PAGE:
To affect the removal of a staple from a stapled article, the user should press the two arms of the device together, usually by applying a thumb to the upper plastic element and one or more fingers to the lower plastic element. Then simultaneously drive the teeth of the first and second pair of arms between the crown of the staple and the top sheet of the stapled article; and once the teeth are clenched, pull the double-jawed staple remover so as to disengage the staple from the stapled article.

The action of the teeth bends and pulls the staple, stretching it so that the prongs pull upwards and apart. The operation can, equally, be effected upon the prongs themselves instead of the crown of the staple. In this instance, the staple remover teeth connect beneath the prongs and pull them upwards. The movement, essentially, attempts to restore the staple to its original form, straightening the bent prongs of the staple, so that it can be easily extracted from the other side.

The ability to adapt the device for use from either side means that a partial failure to remove the staple by the crown, which may leave a curled prong in place, can be resolved by turning the stapled article around and uncurling the stubborn prong.

Other Uses

The ingenuity and keen sense of the bizarre common to many members of the human race means a staple remover may be used for many activities other than the removal of staples. Common alternative uses for staple removers include:

  • Vampire Fangs - One part cool trick, one part testament to human foolhardiness, this is one of the most easily achieved and commonly performed tricks to be done with staple removers. The trick involves inserting the staple remover into one's mouth in such a manner that, when the mouth clamps down, the staple remover will give the illusion of 'fangs'. This illusion is rarely achieved to the point that the willing suspension of disbelief becomes even a consideration. Occasional screams around any office can be attributed to the poorly planned execution of this trick.

  • Crab/Lobster Claws - This activity involves grasping the staple remover with the hands in such a way that, when the hand is closed, the staple remover closes too... a trick rarely performed with a great depth of skill.

  • Castanets - Very similar to 'Pretend Crab Claws', this trick is performed with hands held in the air, and with some discernible rhythm to the opening and closing of the staple remover. It is most authentically performed with two staple removers and a rose clenched between the teeth.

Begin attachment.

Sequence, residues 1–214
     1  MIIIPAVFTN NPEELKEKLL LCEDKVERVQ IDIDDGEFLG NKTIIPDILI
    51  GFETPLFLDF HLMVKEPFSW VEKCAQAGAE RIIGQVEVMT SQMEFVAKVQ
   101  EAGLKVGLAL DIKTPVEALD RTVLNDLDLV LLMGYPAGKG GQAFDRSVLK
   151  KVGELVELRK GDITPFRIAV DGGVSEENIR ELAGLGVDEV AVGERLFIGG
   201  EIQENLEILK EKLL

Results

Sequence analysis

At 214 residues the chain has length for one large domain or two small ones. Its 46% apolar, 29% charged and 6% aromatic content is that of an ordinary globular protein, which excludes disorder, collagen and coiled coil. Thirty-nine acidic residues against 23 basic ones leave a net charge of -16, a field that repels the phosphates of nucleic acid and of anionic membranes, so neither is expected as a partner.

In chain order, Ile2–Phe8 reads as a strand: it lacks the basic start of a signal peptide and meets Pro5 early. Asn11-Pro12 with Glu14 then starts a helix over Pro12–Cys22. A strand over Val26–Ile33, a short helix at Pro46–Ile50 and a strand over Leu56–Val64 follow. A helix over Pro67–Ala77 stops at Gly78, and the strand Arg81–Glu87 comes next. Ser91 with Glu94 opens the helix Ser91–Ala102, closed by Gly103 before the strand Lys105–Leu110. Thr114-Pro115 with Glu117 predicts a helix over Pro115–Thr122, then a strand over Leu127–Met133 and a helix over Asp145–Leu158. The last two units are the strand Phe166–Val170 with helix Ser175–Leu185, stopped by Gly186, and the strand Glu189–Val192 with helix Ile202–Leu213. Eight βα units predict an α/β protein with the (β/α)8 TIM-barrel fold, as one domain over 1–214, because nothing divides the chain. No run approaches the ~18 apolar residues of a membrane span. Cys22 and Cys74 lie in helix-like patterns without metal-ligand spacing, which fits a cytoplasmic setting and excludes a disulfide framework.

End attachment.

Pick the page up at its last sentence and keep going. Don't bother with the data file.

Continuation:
• Telegraph - Likely invented by the more history conscious brother of the idiot who invented the uses above, this one involves placing the staple remover flat on a table and pressing down rapidly on the other end in a succession meant to simulate morse code. A popular companion to this game involves typing a random 'message' in Morse code, recording it, and then translating it into letters or, when possible, words. Fun for the whole family!

Variations and Availability

Staple removers may commonly be found in different colours and shapes, and with occasional improvements in the fitting of the plastic elements to the fingers pressed against it. Other variations may include rubberized grips or combination with other common office implements. The combination of stapler with staple remover is an ideal one-piece device, for example. In this instance the remover is the most simple lever form: a triangular wedge that can be inserted beneath the staple than rolled upwards to extract it. The arms of the staple remover may be extended backwards so that the device resembles a pair of scissors, providing greater leverage for stubborn staples and heavy duty ones commonly used to secure particularly thick documents.

Stationery stores, and stationery cupboards, are the most common source for the acquisition of staple removers. The most common and basic staple removers are reasonably cheap, but are best guarded in the office environment. Like staplers, they have a habit of disappearing very quickly and quite suddenly if left openly on a desk top. The common need to staple together and ply apart documents means that fellow officer workers, passing an unattended desk with a staple remover, will invariably pick it up, use it, and then forget to return it to your desk.